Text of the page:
One of the challenges for Building and Home Automation particularly in Australia and UK is the design of automation technology lags behind modern integration, network and communication architectures by decades. This article focuses on breathing new life into those systems leveraging the Amazon Echo.
Common building and home automation systems in Australia such as Clipsal’s CBUS2 solution as well as the Ness / Elk security automation platform have been conceptually great ideas but due to primitive and expensive interfaces built without usability in mind. (due to their design era) Today these market leading automation products haven’t really changed how most people interact with either the home or office buildings and hence most people don’t really know they exist.
Clipsal, in particular, had focused all its effort on high cost solutionsretailing from hundreds of dollars for basic LCD control switches (or DLTs as per image to the right)
If you want a touch interface then cost moves up to thousands of dollars and the technology originally started at black and white screens and use single touch panels. (Or in simple terms don’t work like a phone touch screen at all)
From a usability viewpoint having the automation but still using an old fashioned approach to controlling the home or office don’t really “add” much value from the users view especially for the cost outlay. Yes there are some benefits, particularly for rewriting and “global” functions like turning power off at night but overall the wow factor has been pretty low, which is probably why mainly office builds have automation in the building design today (energy management) and few homes.To set the scene using a classical CBUS2 automation a person still physically walks up to a “light switch” and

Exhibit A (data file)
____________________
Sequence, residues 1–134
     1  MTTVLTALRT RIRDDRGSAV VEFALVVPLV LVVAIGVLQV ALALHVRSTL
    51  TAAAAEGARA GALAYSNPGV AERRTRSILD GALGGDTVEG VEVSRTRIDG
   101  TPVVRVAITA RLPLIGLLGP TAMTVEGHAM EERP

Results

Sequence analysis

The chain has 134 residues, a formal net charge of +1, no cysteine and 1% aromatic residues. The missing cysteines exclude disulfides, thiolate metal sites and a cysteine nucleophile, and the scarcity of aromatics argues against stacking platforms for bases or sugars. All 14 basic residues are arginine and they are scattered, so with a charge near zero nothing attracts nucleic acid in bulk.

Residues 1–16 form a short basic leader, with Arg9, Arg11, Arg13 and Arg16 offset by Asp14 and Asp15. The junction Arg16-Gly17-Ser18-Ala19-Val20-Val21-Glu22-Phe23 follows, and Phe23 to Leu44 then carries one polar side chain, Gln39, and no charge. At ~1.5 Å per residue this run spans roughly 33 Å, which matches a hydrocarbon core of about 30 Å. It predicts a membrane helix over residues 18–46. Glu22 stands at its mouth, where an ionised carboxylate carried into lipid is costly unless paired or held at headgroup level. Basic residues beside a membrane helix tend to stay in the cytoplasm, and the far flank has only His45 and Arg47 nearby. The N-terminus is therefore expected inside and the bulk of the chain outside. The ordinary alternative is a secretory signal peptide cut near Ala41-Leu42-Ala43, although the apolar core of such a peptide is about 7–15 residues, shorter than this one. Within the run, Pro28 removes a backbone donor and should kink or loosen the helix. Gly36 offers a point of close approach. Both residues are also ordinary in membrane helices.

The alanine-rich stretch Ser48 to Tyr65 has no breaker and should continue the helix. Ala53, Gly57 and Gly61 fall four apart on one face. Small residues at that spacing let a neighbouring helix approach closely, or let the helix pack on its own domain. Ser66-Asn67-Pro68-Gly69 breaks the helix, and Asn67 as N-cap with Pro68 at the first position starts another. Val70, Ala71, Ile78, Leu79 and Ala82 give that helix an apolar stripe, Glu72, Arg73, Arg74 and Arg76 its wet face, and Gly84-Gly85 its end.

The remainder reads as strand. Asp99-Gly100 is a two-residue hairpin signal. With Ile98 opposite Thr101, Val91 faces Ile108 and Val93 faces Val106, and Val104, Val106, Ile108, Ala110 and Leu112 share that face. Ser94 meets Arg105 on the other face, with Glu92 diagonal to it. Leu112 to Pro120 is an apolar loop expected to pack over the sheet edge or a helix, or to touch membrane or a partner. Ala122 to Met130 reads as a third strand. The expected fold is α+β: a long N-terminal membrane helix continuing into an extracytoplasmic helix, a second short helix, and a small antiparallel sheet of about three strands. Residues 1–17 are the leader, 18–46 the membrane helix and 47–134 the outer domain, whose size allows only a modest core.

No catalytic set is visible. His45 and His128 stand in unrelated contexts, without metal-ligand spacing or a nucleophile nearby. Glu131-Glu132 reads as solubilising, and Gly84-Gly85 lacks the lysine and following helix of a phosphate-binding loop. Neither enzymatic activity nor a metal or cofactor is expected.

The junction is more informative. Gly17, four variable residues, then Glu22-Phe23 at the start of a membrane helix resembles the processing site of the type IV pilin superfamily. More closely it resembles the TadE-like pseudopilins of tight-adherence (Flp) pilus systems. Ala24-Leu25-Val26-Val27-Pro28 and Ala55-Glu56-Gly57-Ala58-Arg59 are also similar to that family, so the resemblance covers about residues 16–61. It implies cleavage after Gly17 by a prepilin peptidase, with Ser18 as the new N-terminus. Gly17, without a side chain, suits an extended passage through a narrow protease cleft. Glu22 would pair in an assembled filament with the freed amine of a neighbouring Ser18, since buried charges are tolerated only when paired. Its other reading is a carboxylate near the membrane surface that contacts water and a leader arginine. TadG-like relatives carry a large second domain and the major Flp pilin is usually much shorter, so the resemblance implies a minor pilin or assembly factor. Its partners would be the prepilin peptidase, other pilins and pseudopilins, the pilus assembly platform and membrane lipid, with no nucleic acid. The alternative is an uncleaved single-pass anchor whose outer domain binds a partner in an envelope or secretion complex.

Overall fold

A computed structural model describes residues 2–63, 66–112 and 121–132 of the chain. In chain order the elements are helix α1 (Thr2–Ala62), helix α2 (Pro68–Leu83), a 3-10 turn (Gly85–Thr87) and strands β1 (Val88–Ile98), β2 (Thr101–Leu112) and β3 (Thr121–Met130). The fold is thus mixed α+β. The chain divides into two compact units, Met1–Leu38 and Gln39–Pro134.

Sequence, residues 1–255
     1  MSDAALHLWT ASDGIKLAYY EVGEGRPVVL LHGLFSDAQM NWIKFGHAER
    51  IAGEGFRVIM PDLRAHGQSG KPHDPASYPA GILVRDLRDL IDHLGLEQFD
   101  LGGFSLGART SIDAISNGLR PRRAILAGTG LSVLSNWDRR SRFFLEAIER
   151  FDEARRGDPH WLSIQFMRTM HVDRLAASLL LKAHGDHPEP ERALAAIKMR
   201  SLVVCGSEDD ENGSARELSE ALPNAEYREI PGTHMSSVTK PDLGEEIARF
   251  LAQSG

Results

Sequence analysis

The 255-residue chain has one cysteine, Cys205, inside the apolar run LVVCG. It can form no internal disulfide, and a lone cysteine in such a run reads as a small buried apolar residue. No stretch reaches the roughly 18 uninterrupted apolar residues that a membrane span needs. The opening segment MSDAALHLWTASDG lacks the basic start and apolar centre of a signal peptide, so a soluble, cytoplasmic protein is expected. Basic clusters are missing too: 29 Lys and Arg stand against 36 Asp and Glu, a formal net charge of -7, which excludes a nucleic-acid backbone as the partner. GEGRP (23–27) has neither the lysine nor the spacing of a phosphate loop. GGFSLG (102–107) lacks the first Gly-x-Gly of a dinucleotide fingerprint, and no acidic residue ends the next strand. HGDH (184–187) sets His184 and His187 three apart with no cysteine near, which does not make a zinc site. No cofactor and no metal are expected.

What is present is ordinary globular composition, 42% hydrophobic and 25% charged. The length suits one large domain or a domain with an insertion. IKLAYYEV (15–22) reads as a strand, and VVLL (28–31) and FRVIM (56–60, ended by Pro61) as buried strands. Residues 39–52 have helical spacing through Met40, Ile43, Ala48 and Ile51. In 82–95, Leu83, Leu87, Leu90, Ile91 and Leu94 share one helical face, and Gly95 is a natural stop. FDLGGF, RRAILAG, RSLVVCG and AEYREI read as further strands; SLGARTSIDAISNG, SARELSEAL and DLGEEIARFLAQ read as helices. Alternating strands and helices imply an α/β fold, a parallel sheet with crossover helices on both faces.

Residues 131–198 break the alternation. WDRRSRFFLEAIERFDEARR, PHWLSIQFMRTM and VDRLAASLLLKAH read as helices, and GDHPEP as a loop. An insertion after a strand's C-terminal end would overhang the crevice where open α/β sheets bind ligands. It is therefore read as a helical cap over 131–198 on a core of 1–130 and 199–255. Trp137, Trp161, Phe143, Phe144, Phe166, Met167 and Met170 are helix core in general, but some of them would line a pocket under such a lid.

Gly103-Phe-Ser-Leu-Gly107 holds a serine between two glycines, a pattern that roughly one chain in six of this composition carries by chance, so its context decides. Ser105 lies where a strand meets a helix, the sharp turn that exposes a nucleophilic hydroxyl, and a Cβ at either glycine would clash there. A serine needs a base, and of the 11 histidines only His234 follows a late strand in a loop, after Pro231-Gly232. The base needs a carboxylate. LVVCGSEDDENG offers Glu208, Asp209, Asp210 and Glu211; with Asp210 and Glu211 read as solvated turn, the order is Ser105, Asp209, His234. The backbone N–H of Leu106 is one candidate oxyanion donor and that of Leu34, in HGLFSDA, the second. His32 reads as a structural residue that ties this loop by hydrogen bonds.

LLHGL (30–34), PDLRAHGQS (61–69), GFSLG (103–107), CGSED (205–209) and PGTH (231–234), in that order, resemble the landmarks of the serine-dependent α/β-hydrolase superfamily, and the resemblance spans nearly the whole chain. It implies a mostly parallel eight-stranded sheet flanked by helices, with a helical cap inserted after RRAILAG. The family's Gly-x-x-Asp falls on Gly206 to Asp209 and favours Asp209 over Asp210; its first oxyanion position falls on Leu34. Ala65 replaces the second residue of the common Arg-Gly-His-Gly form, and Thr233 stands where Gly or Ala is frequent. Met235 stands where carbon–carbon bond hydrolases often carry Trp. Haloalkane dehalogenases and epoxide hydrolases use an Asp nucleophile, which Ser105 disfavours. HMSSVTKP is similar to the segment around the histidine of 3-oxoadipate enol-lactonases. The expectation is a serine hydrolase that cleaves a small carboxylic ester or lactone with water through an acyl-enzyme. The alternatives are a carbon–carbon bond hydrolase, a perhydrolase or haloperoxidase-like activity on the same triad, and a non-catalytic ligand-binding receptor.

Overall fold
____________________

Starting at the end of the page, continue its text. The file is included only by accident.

- presses the button to turn “things” on,
- presses and holds the button to dim or
- press again turn off lights.
Get the idea?
These controls are unusual and non-intuitive to many people. The dimming in particularly required explanation to anyone not already familiar with it. Add to this the switches were mostly “unlabelled” except for the higher cost LCD displays adding to the user confusion. For new users its by no means natural, though it is at least novel. As the most cost effective switches are typically in 4-8 button panels with unlabelled buttons few homes use labelled switch outside of common rooms so you always see people pressing all 8 buttons on a switch to work out which light is the one they want!
So introduction over.
Let’s discuss why I bring in Amazon Echo to the conversation!
The Amazon Echo which I managed to get hold of prior to its official release really surprised me in its capability. It is essentially a black cylinder / speaker integrating to a speech driven AI engine up in the AWS Cloud.
Within a few hours of experimenting with it the potential of this platform was pretty obvious. Built by a company not normally associated with either speech recognition or AI, it had already passed the “big boys” in this space in what it could do and how well it could do it (e.g. apple, google and specialist speech recognition companies at the time echo came out were building gimmick concepts like siri)
The “alpha” version of the Amazon Echo could already isolate discrete conversations and response to the user even with background conversations happening plus it was able to handle accents that I couldn’t even interpret myself. Given it wasn’t even available in Australia (and not specifically programmed for our accents) that was impressive.